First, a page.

Wine is Not Sin
“Wine is not sin.” Such a claim has caused clamor and disagreement within Christianity for centuries.Yet what does this statement mean? If God is to be consistent, why does it seem that He has inconsistent commandments about wine, which caused so much dispute among godly theologians? As best as one can generalize, there are three camps of belief regarding where the Bible stands on the morality wine consumption.
The Moderationist View holds that the Bible only deals with fermented wine within its text.It was fermented wine that was exchanged between godly men in Genesis 14:18-20; it was fermented wine which Jesus was accused of getting drunk on in Luke 7:33-35, and was also fermented wine with which Jesus practiced the Lord’s Supper.
The Abstentionist View holds that that God approves of the use of fermented wine, but only to a certain amount before drunkenness takes place. Lastly, the Prohibitionist View maintains that, although the Bible has several Greek and Hebrew words that carry a general description of wine with their meaning, one can best understand God’s condemnation of fermented wine based on the context of the passages that are often used in support of a Moderationist or Abstentionist view.
In light of these three views, this author holds that condemnation of alcoholic wine is not to be based on the amount consumed, or the properties of its content. Rather, based on God’s Word, alcoholic wine is sinful to consume because of the degrading effects it has on one’s body, because a holy God forbade its use among Old Testament and New Testament believers, and because it compromises one’s character as an ambassador of Christ. These three arguments will be fleshed out in this paper within the following facets of discussion. The Biological Ethics of Wine, the Biblical Ethics of Wine, and the Cultural Ethics of Wine.
The Biological Ethics of Wine Based on the information that rests in the physical effects of alcoholic consumption, this author proposes that the intake of wine into one’s body is damaging not only to his body, but to his image and likeness of God, and is therefore sinful. Before one considers what the Bible has to say about the bodily effects of wine consumption, he should first examine what physical processes are taking place within ones body as he consumes alcoholic wine. Physical Effects As one takes alcohol into his body, two actions take place in the brain which causes the common sensation of pleasure and calm. The brain’s inhibitory neurotransmitter is excited as the excitatory neurotransmitter is simultaneity inhibited. This slows the processing of information in the cerebral cortex, causing one to experience blurred vision, slowed senses, and the inability to think clearly.
Secondly, the consumption of alcohol “increases the amount of the chemical dopamine in the brain’s reward center, which creates the feeling of pleasure that occurs when someone takes a drink.” Here is where one feels the buzz to which he often finds himself addicted. Yet the additional effects on other parts of his body are rarely as pleasurable.The Cerebellum, which acts as the center of movement and balance within the body, grows impaired as alcohol consumption rises, resulting in a dizziness and staggering commonly seen among those whom are drunk. Additionally, there is an increase in blood flow, which heats the skin and gives one a warm sensation. This surface heats cools the body’s organs down and slows the breathing, often to a dangerous level. Lastly and most important, as one takes in more alcohol, he raises his BAC (Blood Alcohol Concentration), which in the amount of alcohol in one’s bloodstream.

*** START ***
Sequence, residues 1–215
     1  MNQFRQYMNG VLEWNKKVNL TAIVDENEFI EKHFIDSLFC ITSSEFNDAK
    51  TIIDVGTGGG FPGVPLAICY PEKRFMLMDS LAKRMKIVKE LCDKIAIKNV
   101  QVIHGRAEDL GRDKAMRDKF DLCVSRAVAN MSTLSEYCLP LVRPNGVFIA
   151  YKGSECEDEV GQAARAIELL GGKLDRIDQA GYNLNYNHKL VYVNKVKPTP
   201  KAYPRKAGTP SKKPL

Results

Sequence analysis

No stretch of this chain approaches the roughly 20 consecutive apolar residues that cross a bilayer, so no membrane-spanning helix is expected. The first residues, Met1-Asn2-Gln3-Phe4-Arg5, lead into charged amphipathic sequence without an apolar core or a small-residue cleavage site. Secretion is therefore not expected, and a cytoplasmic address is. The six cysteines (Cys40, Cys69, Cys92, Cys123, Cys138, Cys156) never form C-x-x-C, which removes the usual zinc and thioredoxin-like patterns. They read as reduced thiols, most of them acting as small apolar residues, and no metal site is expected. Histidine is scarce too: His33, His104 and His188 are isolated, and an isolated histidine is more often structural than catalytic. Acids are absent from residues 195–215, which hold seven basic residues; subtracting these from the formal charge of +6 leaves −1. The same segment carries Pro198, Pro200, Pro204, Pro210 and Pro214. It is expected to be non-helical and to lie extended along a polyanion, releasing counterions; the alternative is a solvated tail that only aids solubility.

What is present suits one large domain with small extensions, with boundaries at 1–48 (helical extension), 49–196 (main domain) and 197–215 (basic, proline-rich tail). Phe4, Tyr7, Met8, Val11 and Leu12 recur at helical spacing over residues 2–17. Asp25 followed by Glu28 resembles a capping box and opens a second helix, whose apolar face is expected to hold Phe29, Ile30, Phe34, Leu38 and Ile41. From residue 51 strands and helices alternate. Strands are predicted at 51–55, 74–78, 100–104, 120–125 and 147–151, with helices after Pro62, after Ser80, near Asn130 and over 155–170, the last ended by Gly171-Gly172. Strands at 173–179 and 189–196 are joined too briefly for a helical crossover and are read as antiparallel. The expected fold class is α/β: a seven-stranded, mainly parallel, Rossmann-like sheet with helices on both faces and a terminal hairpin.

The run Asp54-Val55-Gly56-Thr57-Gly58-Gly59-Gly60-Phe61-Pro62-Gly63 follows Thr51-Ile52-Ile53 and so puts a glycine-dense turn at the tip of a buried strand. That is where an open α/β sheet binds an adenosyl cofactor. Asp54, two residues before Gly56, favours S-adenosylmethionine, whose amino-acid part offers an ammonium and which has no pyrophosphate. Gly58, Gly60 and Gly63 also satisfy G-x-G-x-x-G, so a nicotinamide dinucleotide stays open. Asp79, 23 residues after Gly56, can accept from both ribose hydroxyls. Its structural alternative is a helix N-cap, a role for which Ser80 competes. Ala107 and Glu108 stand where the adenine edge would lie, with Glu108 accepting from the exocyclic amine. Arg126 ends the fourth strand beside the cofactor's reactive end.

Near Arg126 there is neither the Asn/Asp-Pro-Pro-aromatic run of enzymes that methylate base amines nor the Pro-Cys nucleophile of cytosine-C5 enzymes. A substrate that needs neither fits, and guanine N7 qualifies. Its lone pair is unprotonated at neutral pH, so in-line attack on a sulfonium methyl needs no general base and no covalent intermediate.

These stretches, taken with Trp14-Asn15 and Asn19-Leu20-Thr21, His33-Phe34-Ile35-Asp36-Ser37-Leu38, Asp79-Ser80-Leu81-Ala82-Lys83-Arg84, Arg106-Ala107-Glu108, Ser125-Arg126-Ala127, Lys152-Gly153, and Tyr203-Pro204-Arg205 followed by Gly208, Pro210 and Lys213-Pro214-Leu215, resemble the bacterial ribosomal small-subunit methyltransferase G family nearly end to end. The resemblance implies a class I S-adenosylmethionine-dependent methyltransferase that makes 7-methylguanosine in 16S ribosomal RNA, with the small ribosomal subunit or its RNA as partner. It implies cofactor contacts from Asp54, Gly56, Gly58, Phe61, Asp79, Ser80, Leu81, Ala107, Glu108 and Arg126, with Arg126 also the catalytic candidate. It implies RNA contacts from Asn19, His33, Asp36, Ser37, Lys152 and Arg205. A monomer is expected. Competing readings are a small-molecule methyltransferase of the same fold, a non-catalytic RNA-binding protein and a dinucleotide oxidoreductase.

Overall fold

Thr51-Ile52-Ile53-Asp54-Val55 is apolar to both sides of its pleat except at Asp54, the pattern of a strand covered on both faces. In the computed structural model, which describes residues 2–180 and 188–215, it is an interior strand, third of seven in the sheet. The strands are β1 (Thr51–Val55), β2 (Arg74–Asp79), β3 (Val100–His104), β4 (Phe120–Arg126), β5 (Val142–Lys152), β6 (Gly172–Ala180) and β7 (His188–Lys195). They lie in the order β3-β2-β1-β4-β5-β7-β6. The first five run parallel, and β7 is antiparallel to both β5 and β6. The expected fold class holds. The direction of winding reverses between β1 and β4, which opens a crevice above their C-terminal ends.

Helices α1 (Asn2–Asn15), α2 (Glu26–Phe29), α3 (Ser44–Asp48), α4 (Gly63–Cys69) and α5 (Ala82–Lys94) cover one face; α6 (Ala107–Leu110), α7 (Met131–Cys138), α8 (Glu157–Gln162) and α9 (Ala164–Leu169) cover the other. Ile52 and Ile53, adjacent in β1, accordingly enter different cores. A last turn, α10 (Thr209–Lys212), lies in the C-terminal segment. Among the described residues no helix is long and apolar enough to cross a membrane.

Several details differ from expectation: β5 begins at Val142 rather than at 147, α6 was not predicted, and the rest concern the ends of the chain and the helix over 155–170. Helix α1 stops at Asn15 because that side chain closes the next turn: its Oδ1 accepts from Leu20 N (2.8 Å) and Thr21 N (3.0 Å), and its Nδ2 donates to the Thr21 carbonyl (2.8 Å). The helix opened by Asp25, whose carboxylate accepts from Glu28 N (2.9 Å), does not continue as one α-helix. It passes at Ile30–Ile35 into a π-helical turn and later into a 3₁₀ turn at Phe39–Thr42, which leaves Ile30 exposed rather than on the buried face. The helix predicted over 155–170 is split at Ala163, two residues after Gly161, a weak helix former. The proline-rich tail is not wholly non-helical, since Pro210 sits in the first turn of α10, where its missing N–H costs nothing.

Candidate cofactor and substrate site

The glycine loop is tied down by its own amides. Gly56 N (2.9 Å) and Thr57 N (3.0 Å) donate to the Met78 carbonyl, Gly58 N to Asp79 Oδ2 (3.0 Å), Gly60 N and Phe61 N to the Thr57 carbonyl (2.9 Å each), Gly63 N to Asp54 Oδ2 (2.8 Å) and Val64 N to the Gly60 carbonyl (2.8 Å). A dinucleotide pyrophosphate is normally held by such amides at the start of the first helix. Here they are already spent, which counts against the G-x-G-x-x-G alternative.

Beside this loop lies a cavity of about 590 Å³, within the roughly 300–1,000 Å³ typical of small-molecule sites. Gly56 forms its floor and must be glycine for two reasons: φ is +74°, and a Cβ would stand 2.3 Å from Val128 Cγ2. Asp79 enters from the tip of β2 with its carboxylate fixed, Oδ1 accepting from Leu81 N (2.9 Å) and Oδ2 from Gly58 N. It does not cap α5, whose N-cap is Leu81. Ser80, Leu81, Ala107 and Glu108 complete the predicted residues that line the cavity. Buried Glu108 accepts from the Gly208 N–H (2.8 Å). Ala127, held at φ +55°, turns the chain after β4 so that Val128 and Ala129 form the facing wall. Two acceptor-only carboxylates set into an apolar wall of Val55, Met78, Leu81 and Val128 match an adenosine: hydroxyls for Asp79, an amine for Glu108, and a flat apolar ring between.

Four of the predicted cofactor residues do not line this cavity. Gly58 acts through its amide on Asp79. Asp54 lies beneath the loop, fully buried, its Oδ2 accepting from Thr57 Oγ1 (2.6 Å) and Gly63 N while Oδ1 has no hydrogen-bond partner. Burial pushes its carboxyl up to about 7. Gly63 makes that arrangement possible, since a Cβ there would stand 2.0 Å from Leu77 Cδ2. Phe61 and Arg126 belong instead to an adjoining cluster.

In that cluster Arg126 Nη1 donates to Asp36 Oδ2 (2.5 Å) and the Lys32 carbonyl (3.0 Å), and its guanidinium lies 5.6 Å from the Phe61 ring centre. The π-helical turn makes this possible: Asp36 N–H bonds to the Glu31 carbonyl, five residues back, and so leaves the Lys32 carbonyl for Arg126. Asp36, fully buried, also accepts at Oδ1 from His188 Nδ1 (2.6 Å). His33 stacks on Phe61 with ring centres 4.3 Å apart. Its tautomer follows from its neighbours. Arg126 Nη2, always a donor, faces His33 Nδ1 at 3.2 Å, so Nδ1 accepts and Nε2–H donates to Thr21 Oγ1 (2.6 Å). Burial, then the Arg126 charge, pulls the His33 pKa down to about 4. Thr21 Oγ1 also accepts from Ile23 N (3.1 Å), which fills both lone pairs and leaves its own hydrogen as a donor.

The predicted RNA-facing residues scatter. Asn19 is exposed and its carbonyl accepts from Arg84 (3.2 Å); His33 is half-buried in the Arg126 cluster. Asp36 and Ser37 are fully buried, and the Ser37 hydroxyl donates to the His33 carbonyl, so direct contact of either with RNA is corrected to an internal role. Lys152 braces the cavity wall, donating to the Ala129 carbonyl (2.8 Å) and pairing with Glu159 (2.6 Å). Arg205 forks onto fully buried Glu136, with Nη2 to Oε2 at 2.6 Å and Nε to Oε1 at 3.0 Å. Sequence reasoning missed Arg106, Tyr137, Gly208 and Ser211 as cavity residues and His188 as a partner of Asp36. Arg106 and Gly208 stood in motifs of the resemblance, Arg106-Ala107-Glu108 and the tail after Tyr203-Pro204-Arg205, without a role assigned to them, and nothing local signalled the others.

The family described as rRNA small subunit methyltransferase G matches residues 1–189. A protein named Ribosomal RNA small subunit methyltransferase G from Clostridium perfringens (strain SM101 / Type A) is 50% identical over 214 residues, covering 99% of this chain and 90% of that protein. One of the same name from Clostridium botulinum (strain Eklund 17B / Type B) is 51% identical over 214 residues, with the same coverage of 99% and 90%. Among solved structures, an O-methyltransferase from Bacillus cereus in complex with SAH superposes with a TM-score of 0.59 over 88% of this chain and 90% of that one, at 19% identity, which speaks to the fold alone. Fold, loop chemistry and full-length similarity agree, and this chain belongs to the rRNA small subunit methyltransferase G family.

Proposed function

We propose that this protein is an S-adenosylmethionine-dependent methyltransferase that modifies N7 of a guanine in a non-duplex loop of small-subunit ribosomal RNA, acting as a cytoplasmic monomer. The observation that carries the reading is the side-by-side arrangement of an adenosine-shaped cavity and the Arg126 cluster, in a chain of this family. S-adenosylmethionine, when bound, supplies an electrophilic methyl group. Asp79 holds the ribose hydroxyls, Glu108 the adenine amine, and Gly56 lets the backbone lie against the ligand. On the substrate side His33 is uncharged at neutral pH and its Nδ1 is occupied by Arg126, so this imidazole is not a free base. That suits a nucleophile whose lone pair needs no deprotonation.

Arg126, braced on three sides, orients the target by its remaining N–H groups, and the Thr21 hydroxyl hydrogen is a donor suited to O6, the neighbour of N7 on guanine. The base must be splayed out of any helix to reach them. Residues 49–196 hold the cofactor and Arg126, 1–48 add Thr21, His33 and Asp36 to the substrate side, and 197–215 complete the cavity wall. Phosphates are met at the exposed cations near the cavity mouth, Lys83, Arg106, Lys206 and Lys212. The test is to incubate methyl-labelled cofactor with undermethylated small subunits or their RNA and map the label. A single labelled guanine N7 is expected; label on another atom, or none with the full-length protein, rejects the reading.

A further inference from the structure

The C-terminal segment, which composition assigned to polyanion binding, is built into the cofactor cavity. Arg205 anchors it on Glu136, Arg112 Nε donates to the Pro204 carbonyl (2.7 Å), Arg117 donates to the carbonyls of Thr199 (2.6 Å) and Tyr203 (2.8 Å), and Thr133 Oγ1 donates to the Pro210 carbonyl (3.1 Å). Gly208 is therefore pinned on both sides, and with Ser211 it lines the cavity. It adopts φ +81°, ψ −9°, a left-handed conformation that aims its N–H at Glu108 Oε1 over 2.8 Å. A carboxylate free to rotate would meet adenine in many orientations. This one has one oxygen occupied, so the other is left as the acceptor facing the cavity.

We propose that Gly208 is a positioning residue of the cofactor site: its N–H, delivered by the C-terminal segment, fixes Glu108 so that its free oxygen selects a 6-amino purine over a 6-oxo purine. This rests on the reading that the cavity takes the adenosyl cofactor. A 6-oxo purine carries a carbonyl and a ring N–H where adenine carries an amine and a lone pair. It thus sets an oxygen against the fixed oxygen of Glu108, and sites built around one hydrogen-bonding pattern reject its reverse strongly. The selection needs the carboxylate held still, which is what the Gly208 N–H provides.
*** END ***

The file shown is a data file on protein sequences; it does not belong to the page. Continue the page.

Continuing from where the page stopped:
The higher the BAC, the more probable a heart attack, since he is starving the heart of blood.With this very simplistic explanation of what takes place as one becomes increasingly more inebriated, it also is important to consider what the definition of “drunk” means. In modern American culture, the typical sized glass of wine is 5 ounces in amount— 10% being alcohol. Therefore, three drinks equalling .6 ounces of alcohol each, if consumed within an hour, would bring a normal sized individual’s BAC to .08, which is the current legal definition of drunkenness.
As one can see, alcohol consumed by humans, has dangerous side effects, rendering its use to be unwholesome in large quantities and unwise in general. Also, because of alcohol’s addictive qualities, once begun, humans have a terrible tendency to find it hard to stop at a certain quantity. Hence in America alone, according to the CDCP, Alcohol took more than 88,000 lives between 2006-2010, meaning that 1 in 10 Americans drank themselves to death. Physical Morals Those who believe that alcohol is not addictive and label these statistics as a slippery-slope fallacy are sadly foolish. Therefore, based on this proof, one must understand that, since humans are the image bearers of God (Genesis 2:7, Psalm 139:13-15), they have the responsibility to take care of their bodies.
“To destroy our health by means of intoxicating substances means to destroy God’s temple within us.” This author echoes what Paul stated to the Corinthians, “for God’s temple is holy, and that temple you are.” This first proof cannot be highlighted enough, since God has laid a serious responsibility to care for the precious life He gave us. Therefore, based on the effects of alcoholic consumption reviewed above, it is unethical to intake any amount of alcohol that would impair one’s body on a long-term or short-term scale as it is damaging to his health (1Corinthians 3:17).Yet, to do justice to the Jewish culture of the Bible, one must understand that wine in present modern times is vastly different to the contents of wine in the Old and New Testament.